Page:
Sept. 25, 2012, 12:30 p.m. CST
Very simple, and in some ways obvious, yet arresting.
Sept. 25, 2012, 12:40 p.m. CST
Both Eponine and Gavroche are in it The Thenardiers actually make it to Paris
Sept. 25, 2012, 1:50 p.m. CST
This has the potential to be as bad ass as a Les Miserables production can possibly be. Will it live up to the casting -- we'll see. Knowing hollywood, they will completely mangle and destroy it. Don't worry prague, they'll probably slip some kind of r
Sept. 25, 2012, 3:19 p.m. CST
Can you hear the posters rant, this is the sound of angry nerds, jobless, dateless, hopeless they type what they can never say in wooooords . . .
Sept. 26, 2012, 1:31 a.m. CST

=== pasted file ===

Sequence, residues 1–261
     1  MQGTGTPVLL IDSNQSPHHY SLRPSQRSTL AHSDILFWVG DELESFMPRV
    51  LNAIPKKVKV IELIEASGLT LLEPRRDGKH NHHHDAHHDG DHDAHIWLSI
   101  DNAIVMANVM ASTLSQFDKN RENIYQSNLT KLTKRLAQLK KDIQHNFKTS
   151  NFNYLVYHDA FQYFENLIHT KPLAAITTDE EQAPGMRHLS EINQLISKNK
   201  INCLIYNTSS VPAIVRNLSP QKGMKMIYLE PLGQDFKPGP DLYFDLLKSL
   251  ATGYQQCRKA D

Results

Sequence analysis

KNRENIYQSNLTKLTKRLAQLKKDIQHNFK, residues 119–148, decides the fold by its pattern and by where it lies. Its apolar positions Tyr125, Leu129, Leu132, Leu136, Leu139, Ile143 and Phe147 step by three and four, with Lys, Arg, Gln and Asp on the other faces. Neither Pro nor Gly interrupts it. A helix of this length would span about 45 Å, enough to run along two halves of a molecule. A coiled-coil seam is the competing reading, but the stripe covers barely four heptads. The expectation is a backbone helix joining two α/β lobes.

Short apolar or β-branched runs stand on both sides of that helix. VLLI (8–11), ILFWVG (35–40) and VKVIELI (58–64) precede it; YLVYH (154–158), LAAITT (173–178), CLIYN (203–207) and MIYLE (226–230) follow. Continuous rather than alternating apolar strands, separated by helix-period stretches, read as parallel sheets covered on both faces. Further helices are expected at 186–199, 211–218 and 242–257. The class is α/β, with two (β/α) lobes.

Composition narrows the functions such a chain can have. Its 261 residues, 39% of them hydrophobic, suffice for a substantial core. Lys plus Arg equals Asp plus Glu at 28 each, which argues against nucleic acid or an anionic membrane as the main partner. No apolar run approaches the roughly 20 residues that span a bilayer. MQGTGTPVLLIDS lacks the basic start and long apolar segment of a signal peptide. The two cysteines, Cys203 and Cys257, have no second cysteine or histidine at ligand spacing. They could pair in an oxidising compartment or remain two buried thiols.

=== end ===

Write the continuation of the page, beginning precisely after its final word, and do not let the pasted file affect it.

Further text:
@covjack - i have not set foot on American soil once in my lifetime. @kdog629 - i have nothing but respect for literature. i would in no way claim to be expert in the ways of Broadway, but i've studied and seen enough productions and plays in my lifetime. adapting Les Mis once more is lazy, if you will a superficial dabbling with the realm of arts and culture by movie producers. there are other works by Hugo and his contemporaries that would be worth adapting, but i suppose none of them quite have the "instant name recognition" of this. that some of the finest works of American and European literature remain untouched by the studios and yet Les Mis gets a revisit is perhaps what is wrong with America. film adaptations rarely please all, but they at least introduce an audience to some fine works of art that they may not have otherwise been exposed to. i do trust this satisfies the expected criteria for a response on this thread; i thought this was the internet and one could relax a bit with their comments.